A liquefied natural gas venture in British Columbia led by Malaysia's Petronas anticipates having to hire hundreds of skilled foreign workers during construction, underlining the skills shortage in Canada and the challenges of recruiting labour to build energy megaprojects.
Skilled foreign workers will account for almost 40 per cent of the work force required to build the proposed Pacific NorthWest LNG terminal near Prince Rupert, according to regulatory filings. At the peak of construction, there could be roughly 2,460 Canadian workers and 1,540 foreigners at the terminal site on Lelu Island.
The reliance on foreign expertise highlights the complexity of constructing the $11.4-billion export plant in northwestern British Columbia, of which $8-billion would be spent on imported goods and services.
"We will hire Canadians if Canadians are available to do the job. It's obviously easier to bring in somebody local into the job than to bring foreign workers in," Pacific NorthWest LNG president Michael Culbert said in an interview Tuesday. "It comes down to the ability to source Canadian labour, both the numbers that we need and the expertise that we need."
The proposal to rely heavily on help from overseas, especially to assemble LNG modules imported from Asia, is a sensitive topic after Ottawa moved earlier this year to curb abuses of the temporary foreign worker program by tightening the rules. But Mr. Culbert said hiring foreign labour isn't an exercise in cost savings for the Petronas-led project.
"Canadians are expected to account for 70 per cent of the on-site work force for the first three years of construction. However, because of competition for labour from other projects and the specialized skills required for the later stages of construction, Canadians would only account for 30 per cent of the on-site work force for the remaining two years of construction," according to a report last month by the B.C. Environmental Assessment Office that cited statistics supplied by Pacific NorthWest LNG.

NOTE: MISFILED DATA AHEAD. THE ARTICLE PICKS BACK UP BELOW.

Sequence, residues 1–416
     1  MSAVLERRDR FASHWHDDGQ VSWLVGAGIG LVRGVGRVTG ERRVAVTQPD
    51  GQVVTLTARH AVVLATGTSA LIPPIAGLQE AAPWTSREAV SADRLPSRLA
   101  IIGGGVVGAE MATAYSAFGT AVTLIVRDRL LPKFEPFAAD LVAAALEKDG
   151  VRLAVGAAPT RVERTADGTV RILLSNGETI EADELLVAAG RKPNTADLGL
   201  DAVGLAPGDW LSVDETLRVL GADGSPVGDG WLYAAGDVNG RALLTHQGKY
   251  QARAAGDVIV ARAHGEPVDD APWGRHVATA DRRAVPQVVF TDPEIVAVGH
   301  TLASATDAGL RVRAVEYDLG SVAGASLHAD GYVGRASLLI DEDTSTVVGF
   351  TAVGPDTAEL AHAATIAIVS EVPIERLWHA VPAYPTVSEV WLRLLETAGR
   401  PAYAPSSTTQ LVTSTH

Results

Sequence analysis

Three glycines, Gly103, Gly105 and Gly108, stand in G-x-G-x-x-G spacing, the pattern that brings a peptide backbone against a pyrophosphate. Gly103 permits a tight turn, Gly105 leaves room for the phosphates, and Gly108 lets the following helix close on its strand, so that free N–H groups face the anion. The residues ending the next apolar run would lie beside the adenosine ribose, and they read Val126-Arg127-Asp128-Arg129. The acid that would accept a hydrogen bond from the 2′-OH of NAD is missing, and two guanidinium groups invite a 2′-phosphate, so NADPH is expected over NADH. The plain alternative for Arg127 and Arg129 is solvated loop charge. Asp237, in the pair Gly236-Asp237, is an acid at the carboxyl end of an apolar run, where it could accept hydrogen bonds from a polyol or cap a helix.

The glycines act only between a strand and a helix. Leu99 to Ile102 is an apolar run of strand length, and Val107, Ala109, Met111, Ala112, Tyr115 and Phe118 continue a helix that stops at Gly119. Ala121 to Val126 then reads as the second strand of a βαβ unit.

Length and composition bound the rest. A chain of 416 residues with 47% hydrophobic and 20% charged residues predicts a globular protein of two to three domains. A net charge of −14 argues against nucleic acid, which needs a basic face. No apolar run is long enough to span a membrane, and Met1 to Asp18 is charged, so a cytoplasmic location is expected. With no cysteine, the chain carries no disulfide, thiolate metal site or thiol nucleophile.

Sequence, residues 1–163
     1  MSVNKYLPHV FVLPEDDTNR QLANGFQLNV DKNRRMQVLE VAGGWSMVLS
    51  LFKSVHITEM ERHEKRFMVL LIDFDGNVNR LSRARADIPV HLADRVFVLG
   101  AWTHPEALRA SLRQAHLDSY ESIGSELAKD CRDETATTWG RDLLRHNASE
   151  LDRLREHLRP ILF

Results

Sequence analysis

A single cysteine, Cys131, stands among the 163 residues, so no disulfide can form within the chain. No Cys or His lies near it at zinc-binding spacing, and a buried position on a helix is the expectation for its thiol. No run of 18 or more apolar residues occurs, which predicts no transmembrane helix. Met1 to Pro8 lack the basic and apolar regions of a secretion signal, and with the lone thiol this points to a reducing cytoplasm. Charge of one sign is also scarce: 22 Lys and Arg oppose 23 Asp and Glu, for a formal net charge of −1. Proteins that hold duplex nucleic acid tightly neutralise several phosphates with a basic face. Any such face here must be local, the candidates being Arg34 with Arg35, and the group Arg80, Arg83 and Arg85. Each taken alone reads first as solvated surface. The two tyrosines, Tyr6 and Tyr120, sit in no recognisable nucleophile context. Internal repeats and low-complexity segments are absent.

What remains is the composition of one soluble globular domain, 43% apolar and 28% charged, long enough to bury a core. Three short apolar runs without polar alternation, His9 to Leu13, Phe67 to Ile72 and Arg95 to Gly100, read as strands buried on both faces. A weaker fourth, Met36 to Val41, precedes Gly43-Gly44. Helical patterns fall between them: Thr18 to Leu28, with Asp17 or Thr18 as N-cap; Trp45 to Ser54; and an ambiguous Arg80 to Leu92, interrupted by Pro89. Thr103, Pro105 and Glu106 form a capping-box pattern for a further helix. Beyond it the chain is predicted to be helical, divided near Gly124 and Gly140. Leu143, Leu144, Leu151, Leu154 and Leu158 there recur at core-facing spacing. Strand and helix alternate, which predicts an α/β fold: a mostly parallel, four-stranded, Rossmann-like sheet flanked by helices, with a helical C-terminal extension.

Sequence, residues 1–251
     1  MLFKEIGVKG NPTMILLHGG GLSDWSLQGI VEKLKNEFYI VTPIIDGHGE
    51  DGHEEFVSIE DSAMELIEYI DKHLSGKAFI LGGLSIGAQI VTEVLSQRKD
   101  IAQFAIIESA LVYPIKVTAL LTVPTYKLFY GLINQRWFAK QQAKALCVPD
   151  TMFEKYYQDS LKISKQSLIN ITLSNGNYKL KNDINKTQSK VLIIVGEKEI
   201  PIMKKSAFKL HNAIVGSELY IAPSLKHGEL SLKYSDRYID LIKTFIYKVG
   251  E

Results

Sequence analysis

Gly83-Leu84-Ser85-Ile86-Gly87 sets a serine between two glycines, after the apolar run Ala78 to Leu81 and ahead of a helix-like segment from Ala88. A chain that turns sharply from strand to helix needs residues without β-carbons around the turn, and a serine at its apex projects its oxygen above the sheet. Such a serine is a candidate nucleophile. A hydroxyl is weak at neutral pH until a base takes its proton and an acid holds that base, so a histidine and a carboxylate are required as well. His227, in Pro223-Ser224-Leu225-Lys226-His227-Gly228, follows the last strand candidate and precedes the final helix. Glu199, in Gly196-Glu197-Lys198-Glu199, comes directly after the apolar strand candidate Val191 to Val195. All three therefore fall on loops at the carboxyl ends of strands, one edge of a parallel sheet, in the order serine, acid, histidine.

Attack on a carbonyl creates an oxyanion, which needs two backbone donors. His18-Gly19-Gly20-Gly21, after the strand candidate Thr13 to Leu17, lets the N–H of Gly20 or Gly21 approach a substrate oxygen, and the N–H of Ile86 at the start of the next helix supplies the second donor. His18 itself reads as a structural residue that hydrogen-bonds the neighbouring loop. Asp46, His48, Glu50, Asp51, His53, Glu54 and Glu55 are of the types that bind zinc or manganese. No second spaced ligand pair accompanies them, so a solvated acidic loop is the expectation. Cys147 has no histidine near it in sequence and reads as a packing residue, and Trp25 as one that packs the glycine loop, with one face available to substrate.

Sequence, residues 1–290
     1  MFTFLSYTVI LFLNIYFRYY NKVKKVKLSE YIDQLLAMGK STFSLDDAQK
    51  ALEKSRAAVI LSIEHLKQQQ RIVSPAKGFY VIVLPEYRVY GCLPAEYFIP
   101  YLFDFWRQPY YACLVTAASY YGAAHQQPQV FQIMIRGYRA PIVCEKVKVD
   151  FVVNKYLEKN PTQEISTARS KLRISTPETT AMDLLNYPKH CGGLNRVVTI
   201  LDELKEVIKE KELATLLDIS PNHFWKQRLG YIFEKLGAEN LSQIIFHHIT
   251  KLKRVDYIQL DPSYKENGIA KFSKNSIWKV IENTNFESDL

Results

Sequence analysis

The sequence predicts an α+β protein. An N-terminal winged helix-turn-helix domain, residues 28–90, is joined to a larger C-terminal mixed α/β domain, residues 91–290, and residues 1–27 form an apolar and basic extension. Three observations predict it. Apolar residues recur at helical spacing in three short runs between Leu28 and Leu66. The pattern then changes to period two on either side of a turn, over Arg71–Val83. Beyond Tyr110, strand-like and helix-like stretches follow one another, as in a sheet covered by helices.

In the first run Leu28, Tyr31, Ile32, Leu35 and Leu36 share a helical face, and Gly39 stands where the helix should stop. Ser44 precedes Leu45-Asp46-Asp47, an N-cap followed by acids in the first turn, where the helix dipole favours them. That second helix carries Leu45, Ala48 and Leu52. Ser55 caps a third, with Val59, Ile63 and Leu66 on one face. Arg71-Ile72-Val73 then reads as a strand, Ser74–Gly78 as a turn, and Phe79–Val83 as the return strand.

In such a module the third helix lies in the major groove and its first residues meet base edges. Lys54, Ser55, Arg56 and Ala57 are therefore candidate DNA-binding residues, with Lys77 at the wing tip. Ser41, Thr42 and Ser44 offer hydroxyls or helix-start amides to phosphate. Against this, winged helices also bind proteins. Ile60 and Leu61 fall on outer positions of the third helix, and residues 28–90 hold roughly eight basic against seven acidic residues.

Pacific NorthWest LNG, which last week announced a delay to its final investment decision, is seeking ways to reduce costs for the terminal. Petronas and its four Asian partners are scrutinizing the economics of the terminal and related construction projects, looking at international engineering costs, subcontractors and two natural gas pipelines to be built by TransCanada Corp. – the $5-billion Prince Rupert Gas Transmission plan and the $1.7-billion North Montney Mainline.
All in, the venture's total cost could surpass $36-billion. Mr. Culbert stressed that when examining the entire venture from wellhead to terminal, Canadian content is high.
"When you look at the magnitude of jobs that we're creating with the whole package, it's quite staggering," he said, adding that in northeastern B.C., where Petronas unit Progress Energy is drilling up a storm, more than 6,000 Canadians have jobs on Progress-commissioned rigs and with associated suppliers.
If Pacific NorthWest LNG approves the Lelu Island terminal, finding enough qualified Canadians won't be easy, Mr. Culbert said. About 500 workers would be required in the second half of 2015, then 2,500 people in 2016 as the building phase kicks off.
At the peak of the five-year construction period, from 2017 to 2018, at least 4,000 workers would be needed to build the export terminal, before tapering off to 1,500 people to complete the project in 2019.
A new report by the Skeena Watershed Conservation Coalition and consulting firm Sharp Six said that if Pacific NorthWest LNG embarks on construction in 2015, it will be competing against Alberta's oil sands for workers.
Rival projects also expected to compete for labour in northwest B.C. include two planned for Kitimat – Shell Canada Energy-led LNG Canada and Chevron Corp.-led Kitimat LNG. Australian media reported that Woodside Petroleum Ltd. of Australia is interested in acquiring Apache Corp.'s 50-per-cent stake in Kitimat LNG, a move that would provide a boost to the Chevron-led joint venture.
Pacific NorthWest LNG might take until the spring of 2015 to decide whether to forge ahead, analysts say.